From: Dennis Rose on 29 Jun 2010 16:26
> "Dennis Rose" <DennisRose(a)discussions.microsoft.com> wrote in message
> > I have tested "remote desktop" and it works just fine. The only problem
> > being that if someone in the office logged on while a remote session was
> > in
> > process, the connection is broken.
> Create multiple Windows accounts and have each user use a different one.
> But as has been mentioned, there is a limit on the number of remote
> connections you can make.
> > On setting up a VPN, I read the instructions at
> > "http://faq.programmerworld.net/networking/setting-up-a-vpn-in-windows-two-step-process"
> > and that seems easy enough. Is that all there is to setting up a VPN?
> > No
> > special equipment needed? Any security concerns?
> Well, there can be security concerns with ANY kind of network connection. I
> don't think any can be considered 100% invulnerable. I'm hardly an expert on
> VPN or networking in general. Your best place to ask about VPNs or
> networking would be in forums specifically for those topics.
> > About my regular app setup at the customer location. I network to my app
> > program located on the "server" PC because I update my software several
> > times
> > a year and would rather update it on 1 server PC instead of many client
> > PCs.
> > What's wrong with this setup anyway? Am I missing something?
> > I really appreciate your help on these issues!!!!!
> You might be calling it a "server", but it's not. You mention elsewhere
> these are Windows XP systems. Those are NOT servers. You can call them
> whatever you want, but they're workstations. All you're really doing is
> sharing a folder.
> If you've been doing things this way for quite some time and have not had
> any problems, then I guess go ahead and continue as you've been. As I said
> before, it's just unconventional. I would think the biggest drawback would
> be performance. Chances are, this PC probably doesn't have the power to
> really be doing something like this without everything else on that PC being
> affected to some degree, if not severely then at least noticeably. Perhaps
> there's never more than a couple of people running your app simultaneously.
> True servers are powerful workhorses that are designed to provide services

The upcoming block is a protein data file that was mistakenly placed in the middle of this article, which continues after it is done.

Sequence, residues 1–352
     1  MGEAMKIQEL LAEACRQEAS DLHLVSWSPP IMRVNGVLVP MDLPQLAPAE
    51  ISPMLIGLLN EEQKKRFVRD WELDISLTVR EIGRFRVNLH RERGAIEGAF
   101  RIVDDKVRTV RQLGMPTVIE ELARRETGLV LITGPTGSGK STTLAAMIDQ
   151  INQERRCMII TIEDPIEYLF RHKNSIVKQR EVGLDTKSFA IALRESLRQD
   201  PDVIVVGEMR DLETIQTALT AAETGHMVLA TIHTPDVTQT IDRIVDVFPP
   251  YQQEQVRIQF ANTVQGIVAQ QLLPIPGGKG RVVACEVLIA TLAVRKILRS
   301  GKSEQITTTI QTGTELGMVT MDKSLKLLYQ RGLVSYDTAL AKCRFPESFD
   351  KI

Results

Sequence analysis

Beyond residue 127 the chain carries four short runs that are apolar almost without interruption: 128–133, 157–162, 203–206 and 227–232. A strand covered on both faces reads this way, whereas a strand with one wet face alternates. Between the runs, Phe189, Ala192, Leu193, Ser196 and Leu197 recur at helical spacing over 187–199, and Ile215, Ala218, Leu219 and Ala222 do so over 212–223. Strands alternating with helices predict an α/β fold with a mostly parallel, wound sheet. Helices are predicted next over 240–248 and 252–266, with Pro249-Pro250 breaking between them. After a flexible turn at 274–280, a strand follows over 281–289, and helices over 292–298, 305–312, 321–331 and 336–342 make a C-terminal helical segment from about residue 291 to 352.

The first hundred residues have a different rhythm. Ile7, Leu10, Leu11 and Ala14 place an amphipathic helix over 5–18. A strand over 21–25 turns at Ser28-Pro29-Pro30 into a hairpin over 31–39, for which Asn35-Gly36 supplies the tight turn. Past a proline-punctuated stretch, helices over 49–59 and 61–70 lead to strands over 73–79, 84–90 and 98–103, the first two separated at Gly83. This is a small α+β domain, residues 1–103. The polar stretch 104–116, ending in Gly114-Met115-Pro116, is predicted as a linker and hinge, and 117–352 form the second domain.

> to multiple workstations and multiple users, and are going to be running
> Windows Server 2003 or Windows Server 2008 (and I'm sure some servers are
> still running Windows 2000 Server or even a non-Windows platform).
> I understand the convenience of only having to update your app once, instead
> of going around to each workstation and updating it. But there are most
> definitely better ways to deal with that than what you're doing. You could
> use some kind of push technology that automatically pushes updates to
> workstations when users log in. Or you could write auto-update functionality
> into your app. There are many ways to do this. What I find works well is to
> have a "stub" program that checks a network folder to see if an updated
> version is available. If so, it copies the updates file(s) from the network
> folder to the local installation folder. Then it launches the main app and
> the stub program closes. If no update is available, then it just launches
> the main program and closes. In a nutshell, that's really all there is to
> it. An issue with this, especially with Vista and Win7, is that users
> probably won't have the necessary permissions to update the program even if
> they're an admin. So the stub program needs to run with elevated
> Dear Mike,
Back to the Remote Desktop solution your suggested.
I can get Remote Desktop to work fine in my office on my network, but, when
I try to log on from another network at a remote location I get the message:
"Remote Desktop Disconnected. This computer can't connect to the remote
I get this message using both Vista and XP remote computers. I have
researched Google but I still can't get it to work from another network at a
What could be wrong???
From: MikeD on 29 Jun 2010 20:25
"Dennis Rose" <DennisRose(a)discussions.microsoft.com> wrote in message
> Back to the Remote Desktop solution your suggested.
> I can get Remote Desktop to work fine in my office on my network, but,
> I try to log on from another network at a remote location I get the
> "Remote Desktop Disconnected. This computer can't connect to the remote
> I get this message using both Vista and XP remote computers. I have
> researched Google but I still can't get it to work from another network at
> remote location.
> What could be wrong???
You're asking the wrong person and in the wrong newsgroup. This particular
problem has nothing to do with VB or even programming for that matter. Not
trying to be rude. You just stand a much better change of getting help with
this by asking for help in the right place. The ONLY guess I have is that a
firewall may be blocking the connection when outside the network. Many
firewalls are configured in this manner. You need to ask a network person